Des Moines native Rebecca "Bex" Porter unlike her twin Lacey, is never one for fairy tales. As an exchange (Cornell) student at Oxford, she looks forward to "art, antiquities and history" and thus pays no attention to the "sandy-haired guy" who answers the porter's bell and who happens to be the heir to the British throne, Prince Nicholas. And when Bex can't resist falling for Nick, the person behind the prince, it propels her into a world she did not expect to inhabit, under a spotlight she is not prepared to face.

The novel opens on the eve of the most talked-about wedding of the century, Bex reflects on what she's sacrificed for love -- and exactly whose heart she may yet have to break.

"Parallels to the love story of Prince William and Kate Middleton are obvious, but the authors create their own unique and endearing characters with Bex and Nick along with an entertaining cast of characters including lovable rogue Prince Freddie, Nick's younger brother; Bex's twin, Lacey; and a bunch of colorful school chums. Royal watchers and chick-lit fans alike will delight in this sparkling tale. Pure fun." If you enjoy this debut, I bet you won't be disappointed with (the latest in the Princess Diaries series) Meg Cabot's Royal Wedding.

Minnow * *, the 2014 South Carolina First Novel Prize winner, by James McTeer II is "a memorable coming-of-age story brimming with unexpected encounters with man, beast, and nature, and some magic thrown in for good measure."

Young Minnow's father is dying of a mysterious illness. The local pharmacist points him to a local hoodoo healer Dr. Crow, thus launching him on an increasingly strange and dangerous quest that will take him deep into the South Carolina Sea Islands. There Minnow is to take soil from the grave of Sorry George, an infamous practitioner of black magic, as payment for a cure.

This compellingly dark debut full of Southern mystery and lore is inspired by the author's (a school librarian) grandfather - a sheriff of the Low Country for decades as well as a local witch doctor. A captivating crossover for teens and especially for fans of Karen Russell's beloved Ava Bigtree in Swamplandia!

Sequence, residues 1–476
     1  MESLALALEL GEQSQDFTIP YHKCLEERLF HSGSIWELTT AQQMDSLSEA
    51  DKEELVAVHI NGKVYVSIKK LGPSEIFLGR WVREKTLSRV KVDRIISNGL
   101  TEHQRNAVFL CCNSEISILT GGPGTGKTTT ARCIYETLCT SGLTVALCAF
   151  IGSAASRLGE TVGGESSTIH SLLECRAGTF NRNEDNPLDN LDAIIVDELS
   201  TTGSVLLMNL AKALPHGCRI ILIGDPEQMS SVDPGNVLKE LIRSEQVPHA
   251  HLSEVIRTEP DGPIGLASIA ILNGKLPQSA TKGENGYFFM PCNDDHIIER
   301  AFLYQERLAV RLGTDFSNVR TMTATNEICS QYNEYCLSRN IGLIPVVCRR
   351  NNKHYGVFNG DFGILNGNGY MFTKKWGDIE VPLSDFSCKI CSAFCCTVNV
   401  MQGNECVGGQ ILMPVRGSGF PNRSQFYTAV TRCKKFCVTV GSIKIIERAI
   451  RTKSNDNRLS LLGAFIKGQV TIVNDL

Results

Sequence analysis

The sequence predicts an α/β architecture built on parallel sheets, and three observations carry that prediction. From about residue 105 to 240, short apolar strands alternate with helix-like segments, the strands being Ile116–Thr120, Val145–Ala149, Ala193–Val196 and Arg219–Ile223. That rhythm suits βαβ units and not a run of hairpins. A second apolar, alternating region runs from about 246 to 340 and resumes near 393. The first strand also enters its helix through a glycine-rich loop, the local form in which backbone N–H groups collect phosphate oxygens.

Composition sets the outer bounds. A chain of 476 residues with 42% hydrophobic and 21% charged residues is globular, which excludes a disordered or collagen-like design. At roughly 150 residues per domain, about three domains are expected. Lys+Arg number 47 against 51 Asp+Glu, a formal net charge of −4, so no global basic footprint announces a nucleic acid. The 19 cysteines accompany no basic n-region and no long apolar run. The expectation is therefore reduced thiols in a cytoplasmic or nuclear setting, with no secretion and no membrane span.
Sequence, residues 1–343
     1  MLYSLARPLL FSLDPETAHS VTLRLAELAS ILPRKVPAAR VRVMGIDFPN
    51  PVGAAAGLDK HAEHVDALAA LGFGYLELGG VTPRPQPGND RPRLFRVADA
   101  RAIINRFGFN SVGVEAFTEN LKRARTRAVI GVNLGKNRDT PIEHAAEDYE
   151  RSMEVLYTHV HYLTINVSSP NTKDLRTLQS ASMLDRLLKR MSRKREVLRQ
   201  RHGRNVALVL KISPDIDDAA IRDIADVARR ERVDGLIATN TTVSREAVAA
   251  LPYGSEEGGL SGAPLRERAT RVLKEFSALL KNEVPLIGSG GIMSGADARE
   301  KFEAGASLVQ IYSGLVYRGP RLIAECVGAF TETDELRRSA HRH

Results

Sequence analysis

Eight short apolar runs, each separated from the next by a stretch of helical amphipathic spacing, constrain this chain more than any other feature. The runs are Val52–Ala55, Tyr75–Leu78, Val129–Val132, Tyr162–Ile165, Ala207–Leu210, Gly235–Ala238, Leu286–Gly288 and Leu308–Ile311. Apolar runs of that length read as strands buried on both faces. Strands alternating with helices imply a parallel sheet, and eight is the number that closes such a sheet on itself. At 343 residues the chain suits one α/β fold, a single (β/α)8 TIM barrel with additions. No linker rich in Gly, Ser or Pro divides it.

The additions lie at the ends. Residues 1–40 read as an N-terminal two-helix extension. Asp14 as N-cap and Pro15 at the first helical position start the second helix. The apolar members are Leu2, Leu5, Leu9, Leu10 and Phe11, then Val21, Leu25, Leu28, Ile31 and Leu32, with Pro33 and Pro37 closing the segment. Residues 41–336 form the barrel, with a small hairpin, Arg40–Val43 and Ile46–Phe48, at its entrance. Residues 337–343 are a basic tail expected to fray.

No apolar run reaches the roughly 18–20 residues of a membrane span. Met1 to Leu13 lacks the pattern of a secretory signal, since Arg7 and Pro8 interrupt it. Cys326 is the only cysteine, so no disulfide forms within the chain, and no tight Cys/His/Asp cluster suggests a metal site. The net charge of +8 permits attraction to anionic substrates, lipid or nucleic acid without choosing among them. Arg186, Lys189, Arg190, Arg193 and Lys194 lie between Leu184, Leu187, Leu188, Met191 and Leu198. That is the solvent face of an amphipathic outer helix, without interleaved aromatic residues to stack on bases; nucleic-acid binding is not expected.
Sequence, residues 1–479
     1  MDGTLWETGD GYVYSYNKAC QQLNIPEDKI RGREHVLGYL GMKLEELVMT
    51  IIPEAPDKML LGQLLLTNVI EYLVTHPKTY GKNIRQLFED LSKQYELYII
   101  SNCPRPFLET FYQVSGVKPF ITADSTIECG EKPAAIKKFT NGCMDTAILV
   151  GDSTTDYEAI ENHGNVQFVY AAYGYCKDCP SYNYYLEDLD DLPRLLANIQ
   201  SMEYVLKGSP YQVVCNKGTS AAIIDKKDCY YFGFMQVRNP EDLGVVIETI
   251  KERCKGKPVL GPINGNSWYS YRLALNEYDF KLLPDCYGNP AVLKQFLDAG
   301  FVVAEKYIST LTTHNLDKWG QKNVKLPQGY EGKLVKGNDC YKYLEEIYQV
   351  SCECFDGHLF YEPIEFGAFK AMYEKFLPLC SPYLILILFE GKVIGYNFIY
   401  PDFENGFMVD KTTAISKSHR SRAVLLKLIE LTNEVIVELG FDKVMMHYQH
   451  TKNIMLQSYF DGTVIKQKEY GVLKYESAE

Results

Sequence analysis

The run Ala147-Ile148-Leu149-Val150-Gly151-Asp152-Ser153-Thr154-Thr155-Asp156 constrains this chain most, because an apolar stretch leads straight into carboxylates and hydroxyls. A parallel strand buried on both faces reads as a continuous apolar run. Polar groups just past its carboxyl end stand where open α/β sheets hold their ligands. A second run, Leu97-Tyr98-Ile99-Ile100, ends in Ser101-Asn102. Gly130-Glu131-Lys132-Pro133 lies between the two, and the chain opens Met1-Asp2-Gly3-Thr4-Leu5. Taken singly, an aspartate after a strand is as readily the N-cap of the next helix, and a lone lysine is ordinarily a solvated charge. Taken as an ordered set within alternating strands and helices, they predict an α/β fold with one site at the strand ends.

* * = 2 starred reviews

New Blexbolex: PEOPLE

Enigmatic French artist and designer Blexbolex won numerous awards for his 2010 book Seasons. His latest book, People, features his signature style of illustrations, and depicts all sorts of people, real, imaginary, historical and legendary. Each illustration of an individual features a single descriptive phrase above it, such as PLUMBER, HIGH DIVER or MARIONETTE. As readers peruse through Blexbolex’s amazing images, they’ll enjoy discovering the connections between his different people. The breath of a shivering man crosses the page to become the smoke from a smoker’s cigarette. A painter, a graffiti artist, a poster hanger and an abstract artist are all depicted in succession and the differences and similarities in their tasks are made subtly clear. I just love how simple and clever Blexbolex’s work is, and how his diverse renderings of people break down preconceived notions of what a traditional WARRIOR or CYCLIST or MAGICIAN might look like. People is a great household book and is enjoyable for every age.

She Blinded Me With Science

A few new fact books in the same series have hit the shelves in the youth department that immediately caught my eye. With bright, colorful photographs and diagrams, along with easy to read small blurbs of factual information, it’s a winner for the curious of all ages.

Extraordinary: Facts from the everyday to the exceptional answers questions about the biggest, smallest, slowest, coldest, etc., on a variety of topics such as space, human body, history, plants, and places. Why don’t haircuts hurt? How do mushrooms grow so fast? What game do 250 million people play? Can a car run on chocolate?

Weird Or What: A cornucopia of curious questions and answers delves into topics such as earth, history, nature, transportation, and society and culture. How big is a swarm? Why is an octopus spineless? Who decides what’s fashion? Which animals lived in the ice age?

If you’re into books such as the Guiness Book of World Records these are right up your alley.

World Wide Knit in Public Day!

Today is World Wide Knit in Public Day! The mission is "better living through stitching together." 56 countries are participating and 882 knit-in-public events are taking place, and I hear that is record participation! Are you knitting in public today?!

The AADL is chock full of amazing knitting books, whether you’re a novice or a pro, and whether it’s summer or winter. And let’s face it, knitting outside is much more enjoyable in the summer than in the winter. So if you’re out and about today and see someone knitting in public, give them a thumbs up!

Syndicate content